I don’t know about you but mismatched toys everywhere can make me feel a little chaotic. Add in normal toddler messes that are hard to clean up and my day is gone admits the chaos. I mean, this is just an example of what my toddler can do in about 14 seconds. Tiny. Paper. Everywhere.
I’m on a mission to organize said toys and random stuff in an effort to calm the chaos a bit and make it easier to clean up at the end of the day. I mean, who wants to watch the bachelorette in the midst of that mess? Not me.
I’m dedicating a play area for the kids in one of the main areas of our home. I mean, I want the kids to be able to play and enjoy our home still. I’m not a total Scrooge. In doing that though I knew I would want to tweak some of the toys blend in more with the decor of the room and keep things feeling even calmer.
1. Spray paint. You’ll want at least two colors. The color you want the kitchen to be and color you want the hardware to be (and any additional colors if you want to do the kitchen in multiple colors). I chose a brighter navy blue for the kitchen and stainless steel for the hardware.
2. Stick on floor tile (large size) for the backsplash. I only needed one for this project but you may need more depending on size. I used Item A3263 to get a marble look. There’s so much variety and it was less than $3! It would have cost me quadruple that for the premade stick on backsplashes!
3. Painter’s tape and scrap paper/bags
4. Super glue
5. Sharp scissors
1. Prep for painting. Scrub your kitchen down and remove and/or tape off the sections you don’t want painted.
Our knobs were removable so I took those off to paint separately with the stainless steel paint and then used scrap paper, plastic bags, and painters tape to cover the remaining areas of the kitchen I didn’t want painted.
3. Backsplash. Cut your floor tile into subway tiles (or your preferred tile style). My subway tiles were 3″ tall and 6″ wide. I traced them out on the paper back and then cut. Once I had my main tiles done, I practiced placing them where I wanted before removing the paper backing and sticking them more permanently. This let me see what space was left and cut some special sizes to fit in the leftover spaces (just like you would when tiling a real backsplash). You can see the special, shorter pieces I needed on the ends.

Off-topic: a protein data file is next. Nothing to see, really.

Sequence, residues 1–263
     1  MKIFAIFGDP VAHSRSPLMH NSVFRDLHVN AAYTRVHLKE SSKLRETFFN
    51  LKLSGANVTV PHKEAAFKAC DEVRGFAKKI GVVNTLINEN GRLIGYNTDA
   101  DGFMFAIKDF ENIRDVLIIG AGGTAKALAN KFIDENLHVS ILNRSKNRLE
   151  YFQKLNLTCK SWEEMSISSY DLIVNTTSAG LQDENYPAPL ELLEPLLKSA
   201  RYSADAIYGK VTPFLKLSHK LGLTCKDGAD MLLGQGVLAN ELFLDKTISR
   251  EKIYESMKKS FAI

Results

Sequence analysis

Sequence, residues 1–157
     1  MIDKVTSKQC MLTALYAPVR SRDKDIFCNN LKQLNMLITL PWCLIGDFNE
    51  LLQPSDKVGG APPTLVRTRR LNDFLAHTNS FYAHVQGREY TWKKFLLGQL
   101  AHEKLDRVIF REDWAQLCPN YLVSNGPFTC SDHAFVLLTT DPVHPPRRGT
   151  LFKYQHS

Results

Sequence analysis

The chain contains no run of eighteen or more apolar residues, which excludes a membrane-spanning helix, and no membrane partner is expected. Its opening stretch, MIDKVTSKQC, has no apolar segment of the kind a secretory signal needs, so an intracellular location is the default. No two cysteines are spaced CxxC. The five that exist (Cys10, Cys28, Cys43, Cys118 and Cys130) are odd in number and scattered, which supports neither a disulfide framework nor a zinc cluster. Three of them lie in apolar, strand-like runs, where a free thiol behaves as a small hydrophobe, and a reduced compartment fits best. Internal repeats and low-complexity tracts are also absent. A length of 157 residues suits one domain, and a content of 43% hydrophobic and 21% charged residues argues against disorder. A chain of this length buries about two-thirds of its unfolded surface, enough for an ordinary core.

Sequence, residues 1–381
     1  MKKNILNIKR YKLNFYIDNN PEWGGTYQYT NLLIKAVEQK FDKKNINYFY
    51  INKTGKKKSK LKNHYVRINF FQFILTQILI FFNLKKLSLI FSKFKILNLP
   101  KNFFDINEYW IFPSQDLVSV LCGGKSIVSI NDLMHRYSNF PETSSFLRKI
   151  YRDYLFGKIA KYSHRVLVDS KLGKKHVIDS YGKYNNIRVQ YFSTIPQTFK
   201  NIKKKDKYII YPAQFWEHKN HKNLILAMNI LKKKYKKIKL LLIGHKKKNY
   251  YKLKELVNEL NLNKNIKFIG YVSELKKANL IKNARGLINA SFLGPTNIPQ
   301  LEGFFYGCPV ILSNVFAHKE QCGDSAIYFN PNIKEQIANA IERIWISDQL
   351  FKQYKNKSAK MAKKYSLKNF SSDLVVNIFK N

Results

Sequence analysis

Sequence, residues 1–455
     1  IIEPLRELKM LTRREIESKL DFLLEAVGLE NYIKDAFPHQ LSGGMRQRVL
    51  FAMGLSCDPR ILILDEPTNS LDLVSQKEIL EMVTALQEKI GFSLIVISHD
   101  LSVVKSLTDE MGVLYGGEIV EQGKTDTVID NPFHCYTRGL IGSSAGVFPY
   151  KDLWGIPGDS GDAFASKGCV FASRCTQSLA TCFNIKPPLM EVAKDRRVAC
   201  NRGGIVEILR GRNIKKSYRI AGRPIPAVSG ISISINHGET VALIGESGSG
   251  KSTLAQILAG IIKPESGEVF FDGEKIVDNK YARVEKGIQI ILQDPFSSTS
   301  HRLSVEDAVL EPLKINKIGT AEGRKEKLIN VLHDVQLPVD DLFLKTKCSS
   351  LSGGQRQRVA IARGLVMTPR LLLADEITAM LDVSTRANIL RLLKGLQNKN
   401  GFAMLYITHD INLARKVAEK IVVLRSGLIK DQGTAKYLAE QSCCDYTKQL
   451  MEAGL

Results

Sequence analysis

TIP: to figure out the easiest and best size tile for your kitchen measure the width and height of the black splash area. I didn’t want to cut a ton of special sizes so I just evenly divided the 9″ tall backsplash area by 3 (because I wanted three even rows so if yours is taller or shorter you may want to divide by less or more than 3) which got me 3 rows of 3″ tall tiles. I just doubled the 3″ to get my width and keep it simple.
Practice placing the tiles before removing the backing. Once you have all your tile pieces cut out and you’re pleased with their practice placement, remove the backing, add super glue around the edges (for extra hold), and place your tiles permanently(ish).
$3 Tile + dollar tree super glue + a little math and elbow grease = $4 backsplash!
Here’s a little peek of the kitchen in its new home. Don’t mind the blurry pic. I was trying to to snap the pic as my destructive toddler headed straight for the play area. But, I mean, doesn’t the kitchen fit in MUCH better?
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